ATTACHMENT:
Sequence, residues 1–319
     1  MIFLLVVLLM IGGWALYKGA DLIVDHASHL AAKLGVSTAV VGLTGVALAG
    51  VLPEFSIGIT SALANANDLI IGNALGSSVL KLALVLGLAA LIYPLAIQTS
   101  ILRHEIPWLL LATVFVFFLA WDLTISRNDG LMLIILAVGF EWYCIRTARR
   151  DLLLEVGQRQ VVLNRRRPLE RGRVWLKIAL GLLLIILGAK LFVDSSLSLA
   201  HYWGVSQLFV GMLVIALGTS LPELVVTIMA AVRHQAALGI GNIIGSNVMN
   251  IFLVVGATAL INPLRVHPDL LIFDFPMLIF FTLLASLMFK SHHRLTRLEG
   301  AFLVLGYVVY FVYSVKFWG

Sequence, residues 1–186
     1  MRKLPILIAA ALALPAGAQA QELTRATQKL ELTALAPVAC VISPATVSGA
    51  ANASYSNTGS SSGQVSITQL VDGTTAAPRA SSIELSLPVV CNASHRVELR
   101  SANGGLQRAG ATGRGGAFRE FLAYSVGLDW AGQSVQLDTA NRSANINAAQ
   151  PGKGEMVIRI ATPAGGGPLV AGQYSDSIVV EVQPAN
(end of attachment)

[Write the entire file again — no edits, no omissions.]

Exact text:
Sequence, residues 1–319
     1  MIFLLVVLLM IGGWALYKGA DLIVDHASHL AAKLGVSTAV VGLTGVALAG
    51  VLPEFSIGIT SALANANDLI IGNALGSSVL KLALVLGLAA LIYPLAIQTS
   101  ILRHEIPWLL LATVFVFFLA WDLTISRNDG LMLIILAVGF EWYCIRTARR
   151  DLLLEVGQRQ VVLNRRRPLE RGRVWLKIAL GLLLIILGAK LFVDSSLSLA
   201  HYWGVSQLFV GMLVIALGTS LPELVVTIMA AVRHQAALGI GNIIGSNVMN
   251  IFLVVGATAL INPLRVHPDL LIFDFPMLIF FTLLASLMFK SHHRLTRLEG
   301  AFLVLGYVVY FVYSVKFWG

Sequence, residues 1–186
     1  MRKLPILIAA ALALPAGAQA QELTRATQKL ELTALAPVAC VISPATVSGA
    51  ANASYSNTGS SSGQVSITQL VDGTTAAPRA SSIELSLPVV CNASHRVELR
   101  SANGGLQRAG ATGRGGAFRE FLAYSVGLDW AGQSVQLDTA NRSANINAAQ
   151  PGKGEMVIRI ATPAGGGPLV AGQYSDSIVV EVQPAN